with Bl = X + Y CGj and B2 = Y SBj. Finally: Bi = atan2(SBi, CBj)
IA 1.30]
Appendix 2
The inverse robot
The n degreeoffrccdom robot whose set of geometric parameters are (Oj', Oj'. dj\ 6j'» rj') is defined as the inverse of the robot (Oj, otj, dj, 9j, rj) if the transformation matrix ^n(oj'» Oj", dj\ Gj\ rj') is equal to ^n'k<^j»«). ^y ®j» fj)Table A2.1 gives the geometric parameters of a general six degreeoffreedom robot. Table A2.2 gives those of the corresponding inverse robot. Indeed, let us write the transformation matrix ^ 5 under the following form: ^ 6 = Rot(2,ei) Traiis(«,ri) Rot(x.a2) Traiis(x,d2) Traiis(2,r2) Rot(2,92)... Rot(x,(x^) [A2.1 ] Trans(x,d^) TransCz^r^) RotCz^e^) Table A2.1. Geomeiric parameters of a general six degreeoffreedom robot
1 j
1 5 ' 6[
Oj
'J 1
ei
n r2 1 r3 1
0
02
02
d2
03
d3
04
03 "4
92 03
64
^4
05
05
ds
rs
06
06
d6
O5 66
1 'o\ 1 2 3 4 1
"i
«»j 0
«j
'"6 1
The inverse transformation matrix ^ o <^^ ^ written as: % « Rot(z.e6) Trans(a.H6) Traiis(x,d6) Rot(x,a6) ROKLQS) Trtiis(x,T5)... Traiis(x,
tA2.2]
402
Modeling, identification and control of robots
The parameters of Table A2.2 result from comparing equations [A2.1J and [A2.2]. The corresponding elementary transformation matrices are denoted by J'^Tj' such that: % • = ^{
^12'... ^T6 = %  ^
[A2.3]
Table A2.2. Geometric parameters of the six degreeoffreedom inverse robot
1 J
1' 1 ^ 1 3
1* 5 1 L^
0* 1
"j'
«»'
••j"
ey
06
0
0
05 04
«6
d6
06 65
^6 1 ^5 1
«5
^5
04
«4

u 1
©3
«3
02
as
d3
Oj
«2
^2
62 «,
^3 1 r2 1 fl
Appendix 3
Dyalitic elimination
Let us consider the following system of equations in the two unknowns x, y:
{
a x^ y^ + b xy = c y + d [A3.11
ex^y^ + fxyf gssO
where the coefficients a» b» ..., g are constants with arbitrary values. The socalled dyalitic elimination technique [Salmon 1885] consists of: i) transforming the system [A3.1] as a linear system such that:
ax^ bxc d
ex^
fx
g
y L 1
^ 0
[A3.21
where y^, y and 1 are termed power products', ii) increasing the number of equations: by multiplying both equations by y» we obtain two new equations that form, together with those of [A3.2], a homogeneous system consisting of four equations in four unknowns (power products): MY a 0 where M is a function of x:
[A3.3]
404
Modeling, identification and control of robots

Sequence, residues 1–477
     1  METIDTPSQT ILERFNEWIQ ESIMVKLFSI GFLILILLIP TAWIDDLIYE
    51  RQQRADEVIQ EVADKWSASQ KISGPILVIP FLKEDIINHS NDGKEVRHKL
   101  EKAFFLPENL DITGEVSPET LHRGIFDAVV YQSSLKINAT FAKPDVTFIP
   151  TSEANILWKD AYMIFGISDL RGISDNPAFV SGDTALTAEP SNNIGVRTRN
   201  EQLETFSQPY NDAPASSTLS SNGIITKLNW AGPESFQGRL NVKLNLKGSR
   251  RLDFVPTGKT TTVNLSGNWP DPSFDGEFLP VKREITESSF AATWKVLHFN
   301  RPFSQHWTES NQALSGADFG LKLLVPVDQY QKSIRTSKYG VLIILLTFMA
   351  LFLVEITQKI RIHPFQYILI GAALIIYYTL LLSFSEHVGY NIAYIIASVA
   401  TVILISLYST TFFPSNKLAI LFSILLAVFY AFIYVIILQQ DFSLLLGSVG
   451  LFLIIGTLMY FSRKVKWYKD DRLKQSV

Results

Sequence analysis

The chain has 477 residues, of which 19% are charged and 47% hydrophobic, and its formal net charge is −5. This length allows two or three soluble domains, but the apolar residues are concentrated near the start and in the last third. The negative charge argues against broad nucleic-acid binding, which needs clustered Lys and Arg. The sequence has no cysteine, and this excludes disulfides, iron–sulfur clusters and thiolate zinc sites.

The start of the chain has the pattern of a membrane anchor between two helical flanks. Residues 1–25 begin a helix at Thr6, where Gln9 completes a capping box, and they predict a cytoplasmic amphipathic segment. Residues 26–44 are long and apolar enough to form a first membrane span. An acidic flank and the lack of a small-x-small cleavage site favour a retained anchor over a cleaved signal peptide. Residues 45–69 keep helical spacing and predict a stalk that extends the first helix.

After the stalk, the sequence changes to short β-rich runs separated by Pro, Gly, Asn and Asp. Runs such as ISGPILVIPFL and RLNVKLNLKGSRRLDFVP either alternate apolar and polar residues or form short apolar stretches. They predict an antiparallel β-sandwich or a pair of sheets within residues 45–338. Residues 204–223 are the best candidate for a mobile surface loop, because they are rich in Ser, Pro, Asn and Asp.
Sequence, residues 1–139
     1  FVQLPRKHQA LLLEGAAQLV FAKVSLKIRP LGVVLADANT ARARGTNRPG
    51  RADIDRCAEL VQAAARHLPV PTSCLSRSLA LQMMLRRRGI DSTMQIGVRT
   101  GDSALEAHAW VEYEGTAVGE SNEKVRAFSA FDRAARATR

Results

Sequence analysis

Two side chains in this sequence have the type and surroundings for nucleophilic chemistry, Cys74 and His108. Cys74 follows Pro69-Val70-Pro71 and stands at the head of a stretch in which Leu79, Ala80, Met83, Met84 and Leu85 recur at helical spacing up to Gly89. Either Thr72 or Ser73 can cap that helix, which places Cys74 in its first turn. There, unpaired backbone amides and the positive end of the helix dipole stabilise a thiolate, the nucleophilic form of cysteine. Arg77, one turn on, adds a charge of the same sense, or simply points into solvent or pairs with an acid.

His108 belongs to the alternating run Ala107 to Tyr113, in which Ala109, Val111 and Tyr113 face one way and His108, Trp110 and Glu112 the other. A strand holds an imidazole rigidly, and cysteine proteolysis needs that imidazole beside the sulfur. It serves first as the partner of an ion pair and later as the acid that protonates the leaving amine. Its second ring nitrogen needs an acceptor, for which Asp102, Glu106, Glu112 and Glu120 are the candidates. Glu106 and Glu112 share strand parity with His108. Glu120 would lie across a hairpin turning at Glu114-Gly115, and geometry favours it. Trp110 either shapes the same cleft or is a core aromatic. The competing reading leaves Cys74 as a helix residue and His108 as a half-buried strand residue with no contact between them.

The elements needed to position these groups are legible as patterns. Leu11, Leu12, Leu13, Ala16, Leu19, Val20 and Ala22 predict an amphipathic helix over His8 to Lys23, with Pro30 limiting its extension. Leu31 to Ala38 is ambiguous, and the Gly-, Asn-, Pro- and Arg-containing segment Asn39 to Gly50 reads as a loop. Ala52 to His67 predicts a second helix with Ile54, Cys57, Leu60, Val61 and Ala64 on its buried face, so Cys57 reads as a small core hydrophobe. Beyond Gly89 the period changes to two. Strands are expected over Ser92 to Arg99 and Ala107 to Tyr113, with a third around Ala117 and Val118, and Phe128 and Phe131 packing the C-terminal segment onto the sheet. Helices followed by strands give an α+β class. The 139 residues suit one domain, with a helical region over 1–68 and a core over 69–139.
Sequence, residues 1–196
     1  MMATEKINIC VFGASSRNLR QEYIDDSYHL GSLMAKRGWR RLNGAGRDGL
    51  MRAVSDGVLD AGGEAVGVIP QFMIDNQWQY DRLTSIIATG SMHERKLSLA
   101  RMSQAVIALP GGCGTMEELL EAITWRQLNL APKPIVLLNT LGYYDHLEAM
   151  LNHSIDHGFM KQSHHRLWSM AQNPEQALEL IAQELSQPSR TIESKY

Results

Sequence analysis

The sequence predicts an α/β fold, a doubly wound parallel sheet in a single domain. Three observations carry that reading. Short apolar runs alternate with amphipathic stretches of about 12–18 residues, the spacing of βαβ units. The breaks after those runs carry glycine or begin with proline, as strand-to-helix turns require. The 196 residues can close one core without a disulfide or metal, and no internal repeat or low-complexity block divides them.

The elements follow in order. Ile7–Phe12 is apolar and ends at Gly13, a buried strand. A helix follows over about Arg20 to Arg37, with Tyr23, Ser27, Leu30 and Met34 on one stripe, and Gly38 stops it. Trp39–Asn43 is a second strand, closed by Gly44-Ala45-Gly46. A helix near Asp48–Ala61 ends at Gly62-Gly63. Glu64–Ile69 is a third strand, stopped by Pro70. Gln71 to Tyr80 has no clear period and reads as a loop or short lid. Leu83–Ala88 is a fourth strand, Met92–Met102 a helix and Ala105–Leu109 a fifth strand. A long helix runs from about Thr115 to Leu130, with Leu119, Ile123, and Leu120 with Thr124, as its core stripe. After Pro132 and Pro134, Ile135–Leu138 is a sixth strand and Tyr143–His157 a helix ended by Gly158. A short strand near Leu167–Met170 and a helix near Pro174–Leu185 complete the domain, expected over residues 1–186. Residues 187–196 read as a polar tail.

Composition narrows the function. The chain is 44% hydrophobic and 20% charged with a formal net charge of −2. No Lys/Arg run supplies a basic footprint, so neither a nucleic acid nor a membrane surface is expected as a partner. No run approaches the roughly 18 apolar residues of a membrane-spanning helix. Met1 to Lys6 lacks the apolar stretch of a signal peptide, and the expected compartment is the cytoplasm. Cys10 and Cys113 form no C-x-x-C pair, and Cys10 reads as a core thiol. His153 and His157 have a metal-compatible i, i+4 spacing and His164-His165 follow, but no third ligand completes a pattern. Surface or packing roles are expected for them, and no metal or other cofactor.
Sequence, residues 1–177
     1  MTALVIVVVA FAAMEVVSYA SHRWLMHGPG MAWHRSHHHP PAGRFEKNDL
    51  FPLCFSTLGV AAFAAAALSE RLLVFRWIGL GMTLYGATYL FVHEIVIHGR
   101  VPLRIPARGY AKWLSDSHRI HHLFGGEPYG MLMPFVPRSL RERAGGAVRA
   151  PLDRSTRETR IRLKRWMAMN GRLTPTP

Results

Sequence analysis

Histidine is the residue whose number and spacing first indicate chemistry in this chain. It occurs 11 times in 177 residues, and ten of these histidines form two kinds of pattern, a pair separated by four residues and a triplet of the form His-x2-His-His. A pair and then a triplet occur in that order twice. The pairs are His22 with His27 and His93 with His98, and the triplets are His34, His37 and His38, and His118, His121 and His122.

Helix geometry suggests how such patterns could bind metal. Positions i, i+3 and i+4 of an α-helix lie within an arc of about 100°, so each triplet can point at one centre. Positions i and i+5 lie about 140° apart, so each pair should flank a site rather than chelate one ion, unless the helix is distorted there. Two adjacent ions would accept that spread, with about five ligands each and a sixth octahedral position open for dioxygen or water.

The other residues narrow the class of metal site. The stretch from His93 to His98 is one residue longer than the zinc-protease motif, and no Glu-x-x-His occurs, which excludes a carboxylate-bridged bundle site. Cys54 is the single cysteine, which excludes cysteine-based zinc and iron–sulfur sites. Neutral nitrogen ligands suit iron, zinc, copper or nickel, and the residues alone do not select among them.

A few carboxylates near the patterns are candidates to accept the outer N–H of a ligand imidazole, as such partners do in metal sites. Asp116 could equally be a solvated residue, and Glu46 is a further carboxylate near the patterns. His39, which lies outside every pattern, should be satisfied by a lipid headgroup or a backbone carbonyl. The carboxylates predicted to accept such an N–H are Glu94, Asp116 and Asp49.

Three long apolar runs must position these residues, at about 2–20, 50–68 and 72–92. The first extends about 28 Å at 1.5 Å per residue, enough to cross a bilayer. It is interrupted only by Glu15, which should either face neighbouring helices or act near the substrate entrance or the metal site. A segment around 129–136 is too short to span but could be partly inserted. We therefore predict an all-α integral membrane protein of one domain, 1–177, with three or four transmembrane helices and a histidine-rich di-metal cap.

M =
4"1
0
ax^ bxc
0
cx2
fx
ax^ bxc
Ki
g 0
ex^
g
0 J
fx
and Y = [ y3 y2 y l ]T
Since one of the elements of Y is I, the system [A3.3] is compatible if, and only if, it is singular, which implies that the determinant of M is zero. Applying this condition to the example leads to a fourth degree equation in x. For each of the four roots, we obtain a different matrix M. By choosing three equations out of the system [A3.3], we obtain a system of three linear equations of type A Y'« B where Y' = [ y^ y^ y ] . Doing that, each value of X provides a single value of y. To summarize, the method requires four steps:  construct the power product equation in order to minimize the number of unknowns;  add equations to obtain a homogeneous system;  from this system, compute a polynomial in a single unknown using the fact that the system is necessarily singular;  compute the other variables by solving a system of linear equations.
Appendix 4
Solution of systems of linear equations
A4.L Problem statement Let us consider the following system of m linear equations in n unknowns: YsrWC
[A4.1]
where W is an (mxn) known matrix, Y is an (mxl) known vector and t^ is the unknown (nxl) vector. Let Wa be the augmented matrix defmed by: Wa = tW : Y] Let r and TJ denote the ranks of W and Wj respectively. The relation l)etween r and r, can be used to analyze the existence of solutions: a) if r = ra, the system has at least one solution:  if r = ra = n» there is a unique solution; 
if r = ra < n, the number of solutions is infmite; the system is redundant. For example, this case is encountered with the inverse kinematic model (Chapter 6).
b) if r 9& ra, the system [A4.1] is not compatible, meaning that it has no exact solution; it will be written as: Y = WC + p
[A4.2]
406
Modeling, identification and control of robots
where p is the residual vector or error vector. This case occurs when identifying the geometric and dynamic parameters (Chapters 11 and 12 respectively) or when solving the inverse kinematic model in the vicinity of singular configurations.
A4.2. Resolution based on the generalized inverse A4.2.L Definitions The matrix W^"^) is a generalized inverse of W if: WW<>)W = W
[A4.31
If W is square and regular, then W^">> = W ^ In addition, W<') is said to be a left inverse or a right inverse respectively if: W<^>W = IorWW<>) = I
[A4.4J
It can be shown that W has an infinite number of generalized inverses unless it is of dimension (nxn) and of rank n. A solution of the system (A4.1], when it is compatible, is given by: C = W(^)Y
[A4.51
All the solutions are given by the general equation: 5 = W<^) Y + (I  W<">) W) Z
[A4.6]
where Z is an arbitrary (nxl) vector. Note that: WaW(>>W)Z = 0
[A4.7]
Therefore, the tenn (I  W^'^^ W) Z is a projection of Z on the null space of W.
A4.2.2. Computation of a generalized inverse The matrix W is partitioned in the following manner: W
LW2i W22J
[A4.8]
Solution of systems of linear equations
407
where W]  is a regular (rxr) matrix* and r is the rank of W. Then, it can be verified that: